SAN DIEGO COUNTY, Calif. — A San Diego County's COVID-19 case rate continues to decline, a path from our current red tier to the less restrictive orange tier is beginning to form.
This is welcome news for local businesses, which would be able to allow more customers indoors.
There are three distinct ways that we can reach the orange tier, which would further open up restaurants, gyms, theaters, and houses of worship.
"All of them involve us controlling our case rate," said County Board of Supervisors Chairman Nathan Fletcher.
The first and most direct route to the orange tier would be a coronavirus case rate below four new cases per 100,000 for two consecutive weeks.
Currently, San Diego County's case rate is 5.5 per 100,000.
"We're doing a really good job here in San Diego County and we want to continue that," Fletcher added. "The possibility of descending into the orange tier ought to be extra motivation to do our part to help avoid the spread."
Under the second scenario, four million vaccines would first have to be administered to the state's most vulnerable communities, outlined in the "Healthy Places Index" quartile.
So far, 2.9 million of these vaccines have been given throughout California.
Once the four million goal is reached, then the guidelines would loosen, permitting us to enter orange with a case rate of 5.9 or below for two weeks in a row.
"So if the state were to hit that and we were able to keep our case rate where it is now or lower for two consecutive weeks, then we'd be able to descend into the orange tier," Fletcher said.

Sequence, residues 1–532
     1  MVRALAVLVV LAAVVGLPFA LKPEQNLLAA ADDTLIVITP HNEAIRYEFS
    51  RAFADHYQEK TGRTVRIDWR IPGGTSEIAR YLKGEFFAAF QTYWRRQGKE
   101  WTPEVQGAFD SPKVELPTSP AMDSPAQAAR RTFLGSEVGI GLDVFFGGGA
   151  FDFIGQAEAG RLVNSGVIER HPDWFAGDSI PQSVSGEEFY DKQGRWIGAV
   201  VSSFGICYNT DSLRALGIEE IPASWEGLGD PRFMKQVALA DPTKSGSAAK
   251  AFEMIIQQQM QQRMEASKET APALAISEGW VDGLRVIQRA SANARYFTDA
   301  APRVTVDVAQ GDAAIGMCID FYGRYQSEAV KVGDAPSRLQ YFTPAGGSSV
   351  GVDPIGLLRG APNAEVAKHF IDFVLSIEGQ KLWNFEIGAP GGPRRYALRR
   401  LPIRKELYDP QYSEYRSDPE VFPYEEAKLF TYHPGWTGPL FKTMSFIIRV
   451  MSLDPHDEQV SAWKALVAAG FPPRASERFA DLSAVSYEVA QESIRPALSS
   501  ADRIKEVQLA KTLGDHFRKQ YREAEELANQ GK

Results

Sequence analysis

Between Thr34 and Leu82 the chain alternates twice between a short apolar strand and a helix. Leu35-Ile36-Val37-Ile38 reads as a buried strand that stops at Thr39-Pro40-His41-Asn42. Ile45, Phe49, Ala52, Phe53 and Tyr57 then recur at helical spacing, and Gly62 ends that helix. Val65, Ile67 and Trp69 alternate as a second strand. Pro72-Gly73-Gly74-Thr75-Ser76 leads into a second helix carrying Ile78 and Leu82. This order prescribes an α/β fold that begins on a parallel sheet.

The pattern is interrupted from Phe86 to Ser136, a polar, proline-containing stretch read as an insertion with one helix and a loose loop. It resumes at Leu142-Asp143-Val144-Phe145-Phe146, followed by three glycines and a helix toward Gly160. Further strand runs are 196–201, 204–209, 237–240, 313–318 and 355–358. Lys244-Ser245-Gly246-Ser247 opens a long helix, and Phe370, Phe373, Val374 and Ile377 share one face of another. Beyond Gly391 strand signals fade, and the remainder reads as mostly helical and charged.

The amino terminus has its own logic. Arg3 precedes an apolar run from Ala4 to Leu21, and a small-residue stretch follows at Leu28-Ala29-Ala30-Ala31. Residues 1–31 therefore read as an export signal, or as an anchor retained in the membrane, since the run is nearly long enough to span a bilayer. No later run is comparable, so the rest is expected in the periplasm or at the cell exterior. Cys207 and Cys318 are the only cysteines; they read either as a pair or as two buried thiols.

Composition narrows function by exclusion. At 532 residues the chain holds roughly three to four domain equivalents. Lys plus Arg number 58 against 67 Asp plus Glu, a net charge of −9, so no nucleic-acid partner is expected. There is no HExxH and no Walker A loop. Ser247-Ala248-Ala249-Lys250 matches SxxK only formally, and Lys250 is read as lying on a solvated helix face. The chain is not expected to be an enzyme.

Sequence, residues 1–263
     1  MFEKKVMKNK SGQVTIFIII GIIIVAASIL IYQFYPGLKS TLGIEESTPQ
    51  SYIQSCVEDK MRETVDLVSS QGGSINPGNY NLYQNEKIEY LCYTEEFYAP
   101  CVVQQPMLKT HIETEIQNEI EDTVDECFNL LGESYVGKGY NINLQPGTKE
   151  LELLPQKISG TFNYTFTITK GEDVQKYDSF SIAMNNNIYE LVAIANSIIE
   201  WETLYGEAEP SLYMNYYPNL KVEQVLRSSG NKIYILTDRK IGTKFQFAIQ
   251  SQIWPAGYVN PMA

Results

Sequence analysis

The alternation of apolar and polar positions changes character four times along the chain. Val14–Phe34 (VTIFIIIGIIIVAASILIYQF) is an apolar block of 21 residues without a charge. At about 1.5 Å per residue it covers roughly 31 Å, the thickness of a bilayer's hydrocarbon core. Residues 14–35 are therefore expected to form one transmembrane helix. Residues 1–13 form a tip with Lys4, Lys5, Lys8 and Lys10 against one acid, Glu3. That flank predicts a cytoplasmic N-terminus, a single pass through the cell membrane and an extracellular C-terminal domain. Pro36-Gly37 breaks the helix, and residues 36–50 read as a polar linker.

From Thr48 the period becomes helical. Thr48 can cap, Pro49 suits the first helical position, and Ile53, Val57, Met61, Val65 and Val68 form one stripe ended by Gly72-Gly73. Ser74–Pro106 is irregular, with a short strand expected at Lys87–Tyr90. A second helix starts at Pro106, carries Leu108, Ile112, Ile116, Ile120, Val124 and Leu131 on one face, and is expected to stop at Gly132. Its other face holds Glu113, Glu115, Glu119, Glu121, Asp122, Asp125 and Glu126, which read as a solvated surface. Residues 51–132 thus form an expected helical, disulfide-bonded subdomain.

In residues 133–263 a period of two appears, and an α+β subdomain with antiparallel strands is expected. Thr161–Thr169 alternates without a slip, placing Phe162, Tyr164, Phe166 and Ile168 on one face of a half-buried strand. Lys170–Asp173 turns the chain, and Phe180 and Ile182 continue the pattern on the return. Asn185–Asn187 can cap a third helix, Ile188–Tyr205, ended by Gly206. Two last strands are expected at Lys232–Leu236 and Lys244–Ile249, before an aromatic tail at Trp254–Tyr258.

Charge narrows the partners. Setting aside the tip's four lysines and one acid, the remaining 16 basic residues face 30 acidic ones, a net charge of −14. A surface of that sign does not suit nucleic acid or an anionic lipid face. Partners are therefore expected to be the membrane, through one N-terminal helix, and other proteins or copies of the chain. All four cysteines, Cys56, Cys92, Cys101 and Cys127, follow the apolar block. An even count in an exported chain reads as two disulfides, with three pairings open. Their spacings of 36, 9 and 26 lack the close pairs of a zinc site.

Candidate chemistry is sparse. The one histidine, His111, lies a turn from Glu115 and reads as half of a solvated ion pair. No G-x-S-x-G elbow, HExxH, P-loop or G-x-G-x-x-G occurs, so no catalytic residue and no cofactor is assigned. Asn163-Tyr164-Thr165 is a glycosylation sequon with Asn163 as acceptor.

The third path to orange involves the county's "health equity metric" focusing on San Diego's communities with the least healthy conditions, and the county's testing positivity percentage, which both currently fall in the orange tier.
"Essentially we would need two consecutive weeks with both of those numbers in the yellow tier, and that would allow us to descend into the orange tier," Fletcher added.
The most likely path, according to county leaders, is the second one, provided that vaccination efforts in California's most under-served communities continue to make progress.
To that end, here in San Diego, "Project Save," which helps set aside vaccine appointments for communities disproportionately impacted by the pandemic has so far been a success in the South Bay
"We will be expanding these efforts to the communities of Oceanside and City Heights," said County Supervisor Nora Vargas.
Some more promising news: for the second straight week, the number of vaccines San Diego County is expecting to receive will increase by about ten percent in the coming week.